While past iterations of the event have taken place indoors at Brooklyn College, attendees needed space to observe social distancing amid the COVID-19 pandemic. More than 30 people attended the earthquake remembrance vigil.
Marie Suzy Legros has been selected to lead the Port-au-Prince bar, the first woman in Haiti to occupy such a role. She has been an attorney for 31 years.
Philippe Dodard, a celebrated and admired figure in the Haitian art world and abroad, used the significant and tragic event to create art and encapsulate the emotions and memories born out of the earthquake.
Jean Elie Gilles and his wife were at their home in Rue Dalencourt in Canapé Vert on Jan. 12, 2010. When the earth shook, Jean Elie believed that a truck had driven through his house.
An accomplished artist who has been creating for decades, Marcelin chose to convey the raw emotions she felt when she went back to Haiti through poetry and artwork.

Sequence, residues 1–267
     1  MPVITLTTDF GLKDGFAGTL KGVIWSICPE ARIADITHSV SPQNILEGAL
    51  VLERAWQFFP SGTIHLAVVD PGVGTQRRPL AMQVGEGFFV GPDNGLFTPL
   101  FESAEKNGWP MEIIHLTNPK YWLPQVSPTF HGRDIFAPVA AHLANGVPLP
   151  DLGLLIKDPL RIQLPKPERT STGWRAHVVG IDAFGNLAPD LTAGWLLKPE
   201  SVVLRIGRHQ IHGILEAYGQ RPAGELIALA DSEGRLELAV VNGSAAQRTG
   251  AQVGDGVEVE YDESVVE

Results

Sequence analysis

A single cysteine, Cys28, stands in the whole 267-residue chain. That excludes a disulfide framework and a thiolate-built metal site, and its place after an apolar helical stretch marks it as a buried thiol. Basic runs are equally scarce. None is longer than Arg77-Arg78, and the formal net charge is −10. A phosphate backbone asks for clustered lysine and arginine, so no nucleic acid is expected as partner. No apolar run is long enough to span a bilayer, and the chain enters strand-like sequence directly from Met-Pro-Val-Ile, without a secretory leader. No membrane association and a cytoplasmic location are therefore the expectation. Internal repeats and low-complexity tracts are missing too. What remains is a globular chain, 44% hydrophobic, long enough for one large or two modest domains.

There are few success stories reported on when it comes to Haiti. Stories about fraud, mismanagement and suffering are commonplace, and most have become accustomed to the Shakespearean nature of Haiti’s history and current condition.
This story was supported by the Pulitzer Center. By Ervin Dyer It’s Saturday afternoon in the Port-au-Prince community of Delmas…
This story was supported by the Pulitzer Center. By Sam Bojarski For nearly a century before the 2010 earthquake, Haitian…
While daily life in Haiti has always been difficult for most Haitians, the past 18 months on the island have been particularly hard. As the country finds itself in the throes of a fluctuating political, economic and social crisis, the capital city has been virtually paralyzed, with schools, businesses, and banks closed for days, if not weeks, at a time.
This was not the Haiti anyone had hoped for 10 years after the disaster.